Politics is a tough business, so you’d think most politicians would be tough people. In fact, in my experience they’re often not. A lot of people go into politics because they want to be universally liked, and from Abraham Lincoln on down, many of them have detested personal confrontation. Several years ago it occurred to me that in every administration I had covered to that point — from Reagan through Obama — the White House staff seemed to fear the first lady more than they feared the commander in chief.
This has obviously changed in recent times. Donald Trump was tough, mean and self-pitying (a nifty combination). President Biden is tougher than he looks. And the woman who is now Trump’s chief challenger, Nikki Haley, is one of the toughest politicians in America — by which I mean confrontational, willing to hammer her foes.
When you read accounts of her days in South Carolina, her bellicosity fairly ripples off the pages. In a fantastic 2021 profile in Politico Magazine, Tim Alberta quotes a former South Carolina Republican Party chair: “Listen, man. She will cut you to pieces. Nikki Haley has a memory. She has a memory. She will remember who was with her and who was against her. And she won’t give a second chance to anyone who she thinks did her wrong.”
But the most telling quotation is the one Haley gave to Alberta herself: “I don’t trust, because I’ve never been given a reason to trust.”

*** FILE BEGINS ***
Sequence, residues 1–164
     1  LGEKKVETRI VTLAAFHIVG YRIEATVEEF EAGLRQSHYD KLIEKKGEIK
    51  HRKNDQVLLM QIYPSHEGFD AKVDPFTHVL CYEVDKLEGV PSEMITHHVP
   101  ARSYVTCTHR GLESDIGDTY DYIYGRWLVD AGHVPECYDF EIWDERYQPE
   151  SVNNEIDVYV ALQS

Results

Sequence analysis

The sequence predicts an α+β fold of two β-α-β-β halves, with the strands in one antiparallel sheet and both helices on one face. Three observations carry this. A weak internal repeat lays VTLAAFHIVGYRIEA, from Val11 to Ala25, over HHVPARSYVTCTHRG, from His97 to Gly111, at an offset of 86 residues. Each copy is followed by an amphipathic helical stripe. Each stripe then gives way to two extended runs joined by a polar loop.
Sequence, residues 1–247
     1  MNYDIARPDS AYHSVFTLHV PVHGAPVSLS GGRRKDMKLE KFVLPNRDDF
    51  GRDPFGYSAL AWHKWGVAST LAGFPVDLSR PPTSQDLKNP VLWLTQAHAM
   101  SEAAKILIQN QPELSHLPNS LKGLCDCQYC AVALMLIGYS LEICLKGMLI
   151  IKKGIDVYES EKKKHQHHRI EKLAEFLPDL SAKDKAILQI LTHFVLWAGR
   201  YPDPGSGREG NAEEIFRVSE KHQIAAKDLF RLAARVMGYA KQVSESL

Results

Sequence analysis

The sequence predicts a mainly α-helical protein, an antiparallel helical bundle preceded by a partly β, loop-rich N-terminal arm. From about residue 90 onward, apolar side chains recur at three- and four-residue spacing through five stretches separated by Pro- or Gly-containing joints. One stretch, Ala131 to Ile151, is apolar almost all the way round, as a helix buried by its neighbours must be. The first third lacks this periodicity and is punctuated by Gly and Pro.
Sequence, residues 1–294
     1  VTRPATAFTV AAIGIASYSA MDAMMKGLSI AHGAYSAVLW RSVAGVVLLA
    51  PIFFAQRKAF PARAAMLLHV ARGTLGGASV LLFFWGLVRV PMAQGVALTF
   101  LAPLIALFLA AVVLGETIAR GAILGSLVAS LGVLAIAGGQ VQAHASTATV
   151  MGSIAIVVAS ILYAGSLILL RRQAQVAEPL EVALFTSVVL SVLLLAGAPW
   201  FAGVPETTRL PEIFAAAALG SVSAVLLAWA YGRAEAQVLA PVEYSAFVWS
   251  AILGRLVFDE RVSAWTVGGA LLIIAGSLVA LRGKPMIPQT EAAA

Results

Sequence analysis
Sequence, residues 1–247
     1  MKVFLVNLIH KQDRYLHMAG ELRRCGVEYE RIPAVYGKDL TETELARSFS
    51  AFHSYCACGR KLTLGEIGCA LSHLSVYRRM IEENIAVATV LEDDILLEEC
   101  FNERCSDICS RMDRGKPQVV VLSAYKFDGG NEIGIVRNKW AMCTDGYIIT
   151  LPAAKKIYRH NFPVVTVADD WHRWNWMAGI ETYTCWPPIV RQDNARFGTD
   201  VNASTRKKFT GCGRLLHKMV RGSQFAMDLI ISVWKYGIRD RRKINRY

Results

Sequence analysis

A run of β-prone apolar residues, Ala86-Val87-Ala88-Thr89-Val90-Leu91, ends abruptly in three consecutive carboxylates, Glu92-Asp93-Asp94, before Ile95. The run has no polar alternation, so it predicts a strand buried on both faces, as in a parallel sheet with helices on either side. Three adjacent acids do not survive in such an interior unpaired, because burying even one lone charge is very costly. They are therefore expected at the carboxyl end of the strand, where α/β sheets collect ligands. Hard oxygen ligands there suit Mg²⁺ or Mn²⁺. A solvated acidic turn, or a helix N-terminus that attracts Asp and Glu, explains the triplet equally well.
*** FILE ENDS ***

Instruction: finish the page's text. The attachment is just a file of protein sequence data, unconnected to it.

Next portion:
She grew up in the only Indian American family in a small working-class South Carolina town. The stories she tells about her girlhood are often about exclusion: being disqualified from a beauty pageant because it was set up to allow for only one Black and one white winner (though some locals dispute this); a fruit-stand vendor calling the cops because her father was a brown-skinned man wearing a turban. She once described her childhood as “survival mode.”
Today, many people think of Haley as part of the older Republican establishment, a political descendant of the Bushes and Mitt Romney who suddenly finds herself trying to thrive in a party dominated by Trumpian populists. This is not quite right. Haley entered politics as a Tea Party maverick. As Hanna Rosin noted in The Atlantic in 2011, the Tea Party was female-led, and most of its supporters were right-wing women who, among other things, wanted to take on the Republican old boys network. Women like Haley and Sarah Palin presented themselves as whistle-blowers, taking down corruption.
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